Capmark Files for Bankruptcy

Major commercial real estate lender Capmark Financial Group Inc. and various subsidiaries have filed for Chapter 11 bankruptcy, which last month the company had warned was coming. The move will allow the Capmark to reorganize and, very likely, delay selling off some of its $20 billion-plus in assets at less-than-desirable prices.

By: Dees Stribling, Contributing Editor

Major commercial real estate lender Capmark Financial Group Inc. and various subsidiaries have filed for Chapter 11 bankruptcy, which last month the company had warned was coming. The move will allow the Capmark to reorganize and, very likely, delay selling off some of its $20 billion-plus in assets at less-than-desirable prices.

“Capmark and its filing subsidiaries had in excess of $500 million of cash and cash equivalents… available to fund its operations,” the company said in a statement. Capmark recorded a loss of $1.6 billion in its most recent fiscal quarter.

The reorganization doesn’t bode well for the company’s owners, however. Capmark used to be GMAC’s commercial property arm until a group of investors—including Kohlberg Kravis Roberts & Co, Goldman Sachs Capital Partners and Five Mile Capital—bought about three-quarters of it in 2006 for $1.5 billion, presumably a bubble price.

Existing Home Sales Spike

Put together low prices (at least compared with the mid-2000s housing bubble) and an $8,000 tax credit that may or may not be extended past the end next month, and you get a steep rise in the number of existing homes sold in September compared with August. As it happens, the rise was 9.4 percent, according to the National Association of Realtors, the largest spike since that organization began tracking existing home sales in 1999.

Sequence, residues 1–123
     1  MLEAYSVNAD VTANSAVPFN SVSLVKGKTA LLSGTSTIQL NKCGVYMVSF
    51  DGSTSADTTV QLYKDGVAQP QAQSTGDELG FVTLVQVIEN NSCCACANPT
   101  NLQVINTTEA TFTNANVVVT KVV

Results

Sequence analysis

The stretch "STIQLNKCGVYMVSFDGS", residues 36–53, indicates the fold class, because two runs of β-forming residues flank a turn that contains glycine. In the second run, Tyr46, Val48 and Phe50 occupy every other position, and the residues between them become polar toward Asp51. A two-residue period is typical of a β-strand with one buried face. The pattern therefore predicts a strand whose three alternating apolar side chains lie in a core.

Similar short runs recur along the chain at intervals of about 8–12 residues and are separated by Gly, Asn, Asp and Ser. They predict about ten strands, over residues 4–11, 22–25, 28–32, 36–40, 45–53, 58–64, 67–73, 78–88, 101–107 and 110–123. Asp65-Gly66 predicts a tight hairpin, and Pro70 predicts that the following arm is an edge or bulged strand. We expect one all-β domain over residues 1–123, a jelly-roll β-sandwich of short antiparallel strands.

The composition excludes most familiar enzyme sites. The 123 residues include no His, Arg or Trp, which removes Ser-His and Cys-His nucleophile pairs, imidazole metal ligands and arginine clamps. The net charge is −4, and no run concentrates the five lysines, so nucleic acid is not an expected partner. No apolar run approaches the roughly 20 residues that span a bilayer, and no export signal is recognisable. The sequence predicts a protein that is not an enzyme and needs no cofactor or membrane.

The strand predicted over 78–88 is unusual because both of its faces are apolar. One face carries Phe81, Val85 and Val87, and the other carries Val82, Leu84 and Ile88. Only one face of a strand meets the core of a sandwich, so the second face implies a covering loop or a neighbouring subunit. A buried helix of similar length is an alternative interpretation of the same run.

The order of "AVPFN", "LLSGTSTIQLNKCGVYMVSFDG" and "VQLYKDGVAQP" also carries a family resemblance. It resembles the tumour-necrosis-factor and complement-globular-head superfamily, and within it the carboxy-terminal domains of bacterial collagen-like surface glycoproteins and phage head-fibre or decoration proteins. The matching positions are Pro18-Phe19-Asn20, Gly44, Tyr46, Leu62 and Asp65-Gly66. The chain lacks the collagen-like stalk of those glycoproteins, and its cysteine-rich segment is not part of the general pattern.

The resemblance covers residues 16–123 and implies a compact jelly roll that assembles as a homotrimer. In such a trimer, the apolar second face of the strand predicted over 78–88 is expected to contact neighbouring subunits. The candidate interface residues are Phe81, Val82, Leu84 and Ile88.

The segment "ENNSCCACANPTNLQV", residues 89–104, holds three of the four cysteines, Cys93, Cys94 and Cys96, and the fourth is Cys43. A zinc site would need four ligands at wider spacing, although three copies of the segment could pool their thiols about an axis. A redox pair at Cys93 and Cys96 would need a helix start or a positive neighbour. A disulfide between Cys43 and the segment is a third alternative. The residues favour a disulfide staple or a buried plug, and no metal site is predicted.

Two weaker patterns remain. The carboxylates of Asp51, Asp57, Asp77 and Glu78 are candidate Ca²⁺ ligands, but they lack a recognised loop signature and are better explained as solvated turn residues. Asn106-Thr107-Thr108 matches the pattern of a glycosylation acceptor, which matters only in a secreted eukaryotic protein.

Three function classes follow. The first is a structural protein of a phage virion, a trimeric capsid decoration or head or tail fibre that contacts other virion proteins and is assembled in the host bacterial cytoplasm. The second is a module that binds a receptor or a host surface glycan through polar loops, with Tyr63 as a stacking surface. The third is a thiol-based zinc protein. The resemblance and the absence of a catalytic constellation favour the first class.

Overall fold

Last month’s spike puts the annualized rate at 5.57 million units, which is the highest level since July 2007, a time when housing sales were already on the decline, though the magnitude of the bust wasn’t apparent. September 2009 sales were up 9.2 percent from the same month in 2008.

It’s no coincidence that the national median existing home price is now $174,900, down 8.5 percent from September 2008. That average masks regional variations, however, especially the fact that in the western states – led by California – home prices have dropped about 15 percent in the last year.

A Hundred-Plus Banks Washed Up, More to Come

Total 2009 bank failures shot 100 over the weekend with the closure of no fewer than seven banks, three in Florida and one each in Georgia, Illinois, Minnesota and Wisconsin. No one expects the closures to stop anytime soon, as banks reap that which they sowed by making commercial real estate loans under erroneous assumptions about ever-increasing real estate valuation in the mid-2000s.

The banking industry’s CRE troubles are no secret, either. “The most prominent area of risk for rising credit losses at FDIC-insured institutions during the next several quarters is in CRE lending,” Federal Deposit Insurance Corp. chairman Sheila Bair said last week to the Senate subcommittee on financial institutions.

Wall Street had a glum Friday, with the Dow Jones Industrial Average down 109.13 points, or 1.08 percent, down below 10,000 for the first time in recent days. The S&P 500 was down 1.22 percent, while the Nasdaq only lost 0.5 percent.